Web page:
While other studies have suggested potential harm or at least a neutral benefit from B vitamin therapy, the DIVINe trial is the first, to the researchers’ knowledge, to show significant detrimental effects from pharmacological therapy with B-vitamins. The authors proposed at least three mechanisms for this outcome, including that folic acid may promote cell proliferation through its role in thymidine synthesis, that folic acid and vitamin B12 may alter the methylation potential in vascular cells, and that B-vitamin therapy might increase methylation of L-arginine to the nitric oxide synthase inhibitor, asymmetric dimethylarginine.
Since publication of their study, the investigators have also received commentary that the problem may have been the form of vitamin B12, cyanocobalamin, which they used in the study. “There was evidence published in Japan that there’s release of cyanide from cyanocobalamin, which doesn’t accumulate in healthy people because it’s renally excreted, but it does accumulate in renal failure,” said Spence. “The mechanism by which cyanide might adversely affect vascular function is that it could interfere with hydrogen sulfide, which is one of the newly recognized gasotransmitters, some of which are good for arteries, and some of which are not.”

The results suggest that while lowering homocysteine levels remains an important therapeutic goal, the best means of doing so might not be through high-dose vitamin therapy, according to Elizabeth L. Frank, PhD, DABCC, associate professor of pathology at the University of Utah Health Sciences Center and medical director of analytic biochemistry and calculi at ARUP Laboratories in Salt Lake City. “It’s well established that there’s an optimum concentration of homocysteine—and it’s low—but how you achieve that value, from this study, is not accomplished by taking a vitamin pill,” she said. Frank also pointed out that although patients in the treatment arm of DIVINe experienced lower homocysteine levels from baseline, they did not reach what is generally considered the optimal concentration of <11 µmol/L. She was not involved in the study.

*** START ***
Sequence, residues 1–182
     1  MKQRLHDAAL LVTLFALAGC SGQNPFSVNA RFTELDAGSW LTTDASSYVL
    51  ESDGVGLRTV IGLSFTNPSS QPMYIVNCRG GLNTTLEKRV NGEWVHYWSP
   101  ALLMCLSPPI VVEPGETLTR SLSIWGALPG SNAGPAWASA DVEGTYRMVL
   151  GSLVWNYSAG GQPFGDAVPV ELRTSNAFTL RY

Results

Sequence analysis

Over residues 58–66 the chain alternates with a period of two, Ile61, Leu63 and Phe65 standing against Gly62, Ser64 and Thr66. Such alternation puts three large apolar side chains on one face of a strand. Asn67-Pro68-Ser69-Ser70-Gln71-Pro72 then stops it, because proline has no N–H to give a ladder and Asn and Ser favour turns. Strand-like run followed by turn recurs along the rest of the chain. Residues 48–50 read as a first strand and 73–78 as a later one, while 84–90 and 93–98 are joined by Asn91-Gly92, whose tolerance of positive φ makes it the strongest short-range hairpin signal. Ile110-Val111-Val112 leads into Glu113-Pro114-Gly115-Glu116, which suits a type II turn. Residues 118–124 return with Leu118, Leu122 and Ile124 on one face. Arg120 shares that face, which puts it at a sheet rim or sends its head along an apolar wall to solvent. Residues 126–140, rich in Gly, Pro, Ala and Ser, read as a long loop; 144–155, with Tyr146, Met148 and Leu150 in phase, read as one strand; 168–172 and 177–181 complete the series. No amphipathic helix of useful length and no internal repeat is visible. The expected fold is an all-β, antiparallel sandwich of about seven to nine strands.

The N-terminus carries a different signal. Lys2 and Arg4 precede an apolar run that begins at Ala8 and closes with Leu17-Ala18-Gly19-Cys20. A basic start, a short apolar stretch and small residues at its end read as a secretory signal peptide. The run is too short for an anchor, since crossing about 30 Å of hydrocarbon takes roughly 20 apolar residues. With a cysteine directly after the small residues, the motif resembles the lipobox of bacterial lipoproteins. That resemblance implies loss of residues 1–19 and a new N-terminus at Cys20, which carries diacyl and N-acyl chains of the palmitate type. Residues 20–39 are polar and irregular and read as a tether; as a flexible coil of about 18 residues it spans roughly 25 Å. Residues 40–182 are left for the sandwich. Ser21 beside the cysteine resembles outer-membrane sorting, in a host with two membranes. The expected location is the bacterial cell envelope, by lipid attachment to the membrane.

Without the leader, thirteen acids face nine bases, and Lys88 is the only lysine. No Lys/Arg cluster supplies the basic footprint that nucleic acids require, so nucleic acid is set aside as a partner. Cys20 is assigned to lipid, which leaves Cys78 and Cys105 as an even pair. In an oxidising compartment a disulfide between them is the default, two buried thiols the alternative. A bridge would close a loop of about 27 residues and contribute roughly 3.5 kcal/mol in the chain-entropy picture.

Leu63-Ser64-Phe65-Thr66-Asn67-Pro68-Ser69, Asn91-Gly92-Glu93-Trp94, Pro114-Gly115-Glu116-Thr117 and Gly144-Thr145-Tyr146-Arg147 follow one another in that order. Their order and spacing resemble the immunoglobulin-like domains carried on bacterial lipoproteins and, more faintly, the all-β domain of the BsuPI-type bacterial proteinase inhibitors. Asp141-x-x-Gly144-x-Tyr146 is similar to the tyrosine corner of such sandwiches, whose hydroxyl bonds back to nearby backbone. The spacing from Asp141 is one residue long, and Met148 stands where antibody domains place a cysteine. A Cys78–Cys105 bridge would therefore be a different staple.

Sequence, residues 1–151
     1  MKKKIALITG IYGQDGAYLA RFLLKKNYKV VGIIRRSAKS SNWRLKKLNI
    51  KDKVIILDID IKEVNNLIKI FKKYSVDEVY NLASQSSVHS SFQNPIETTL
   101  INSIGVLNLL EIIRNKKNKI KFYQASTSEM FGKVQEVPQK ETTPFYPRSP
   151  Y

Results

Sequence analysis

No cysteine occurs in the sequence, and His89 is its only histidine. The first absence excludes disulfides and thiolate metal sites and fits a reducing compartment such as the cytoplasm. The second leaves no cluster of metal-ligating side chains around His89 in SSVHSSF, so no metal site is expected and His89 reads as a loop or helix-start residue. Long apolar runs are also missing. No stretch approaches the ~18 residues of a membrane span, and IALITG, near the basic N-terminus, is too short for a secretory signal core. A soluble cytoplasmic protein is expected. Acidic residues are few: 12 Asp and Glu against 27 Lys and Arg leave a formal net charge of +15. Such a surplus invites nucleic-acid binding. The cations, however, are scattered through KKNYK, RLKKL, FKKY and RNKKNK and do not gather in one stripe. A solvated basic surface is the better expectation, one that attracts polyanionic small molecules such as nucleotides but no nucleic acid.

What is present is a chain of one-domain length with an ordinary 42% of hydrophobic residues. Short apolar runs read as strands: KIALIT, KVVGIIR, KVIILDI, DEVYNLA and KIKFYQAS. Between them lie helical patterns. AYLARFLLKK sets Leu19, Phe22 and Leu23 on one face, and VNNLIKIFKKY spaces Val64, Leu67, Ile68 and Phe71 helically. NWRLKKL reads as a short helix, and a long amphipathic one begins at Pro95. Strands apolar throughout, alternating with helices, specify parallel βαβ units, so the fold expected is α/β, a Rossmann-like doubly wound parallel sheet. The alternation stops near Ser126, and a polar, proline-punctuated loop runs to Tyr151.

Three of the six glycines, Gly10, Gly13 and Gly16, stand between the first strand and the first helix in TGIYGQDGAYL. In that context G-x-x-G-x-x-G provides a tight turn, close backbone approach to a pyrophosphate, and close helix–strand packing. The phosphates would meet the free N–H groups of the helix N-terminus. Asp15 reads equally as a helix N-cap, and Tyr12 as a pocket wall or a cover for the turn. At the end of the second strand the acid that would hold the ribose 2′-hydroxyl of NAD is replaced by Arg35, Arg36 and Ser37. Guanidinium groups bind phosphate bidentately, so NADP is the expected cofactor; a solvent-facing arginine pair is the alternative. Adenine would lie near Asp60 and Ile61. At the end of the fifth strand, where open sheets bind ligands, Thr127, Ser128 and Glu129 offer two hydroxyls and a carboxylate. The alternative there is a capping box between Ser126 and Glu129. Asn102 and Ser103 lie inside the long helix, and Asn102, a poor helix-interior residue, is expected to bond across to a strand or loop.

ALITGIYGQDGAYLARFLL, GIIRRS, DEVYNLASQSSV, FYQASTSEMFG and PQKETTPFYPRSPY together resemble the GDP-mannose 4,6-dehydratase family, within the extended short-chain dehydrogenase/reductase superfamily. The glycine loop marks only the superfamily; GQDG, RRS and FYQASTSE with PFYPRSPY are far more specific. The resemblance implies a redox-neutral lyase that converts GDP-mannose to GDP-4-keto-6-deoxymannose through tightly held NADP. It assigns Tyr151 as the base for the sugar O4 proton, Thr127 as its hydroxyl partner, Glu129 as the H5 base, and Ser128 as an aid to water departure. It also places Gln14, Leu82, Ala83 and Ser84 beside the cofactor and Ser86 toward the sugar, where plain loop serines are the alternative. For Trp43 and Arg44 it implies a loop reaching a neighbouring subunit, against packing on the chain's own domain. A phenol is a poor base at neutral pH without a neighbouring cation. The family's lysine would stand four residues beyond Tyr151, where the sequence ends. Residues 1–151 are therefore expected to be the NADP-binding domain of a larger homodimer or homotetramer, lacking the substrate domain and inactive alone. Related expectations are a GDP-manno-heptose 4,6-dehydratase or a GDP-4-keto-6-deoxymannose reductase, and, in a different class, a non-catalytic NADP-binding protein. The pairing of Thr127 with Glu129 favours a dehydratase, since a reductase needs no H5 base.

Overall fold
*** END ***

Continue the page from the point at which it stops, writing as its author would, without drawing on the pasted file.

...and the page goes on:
The study also underscores the challenges for laboratorians in working with clinicians to get a true picture of vitamin status, according to Frank. “One of the disconnects in vitamins and nutrition is that nutritionists think in terms of intake—recommended daily allowances or dietary reference intake. But in the laboratory, we measure concentration in plasma or whole blood and hope that it reflects an adequate amount of the active compound at the site of action of the vitamin, which is in the cell,” she explained. “We can’t necessarily measure the right form of the vitamin in the right specimen and we don’t have a lot of information that links what we measure to consumption and intake.”

Spence agreed that labs need to look closely at how they are measuring vitamins. “Maybe they need to think more clearly about how they’re reporting the adequacy of vitamin B12 levels,” he suggested. “There’s not enough understanding that a serum B12 is not an adequate way to diagnose sufficiency or adequacy of B12, because what’s being measured is total B12, not active B12.”
Spence and his colleagues are energetically pursuing the unexpected negative outcome associated with high-dose B-vitamin therapy. Already, his team is looking at the use of mesna, a thiol, as a homocysteine-lowering agent in patients with renal impairment. “The biggest advances come from surprises. When that happens, you have to say, ‘wait a minute, what’s going on?’” he said. “I suspect we’ll be doing a lot of that in the future.”

Dr Spence has received consulting fees from Pan American Laboratories and Medice Arzneimittel Pütter GmbH & Co. He also has, with others, a patent pending on the use of mesna, a thiol, to reduce homocysteine levels in patients receiving dialysis.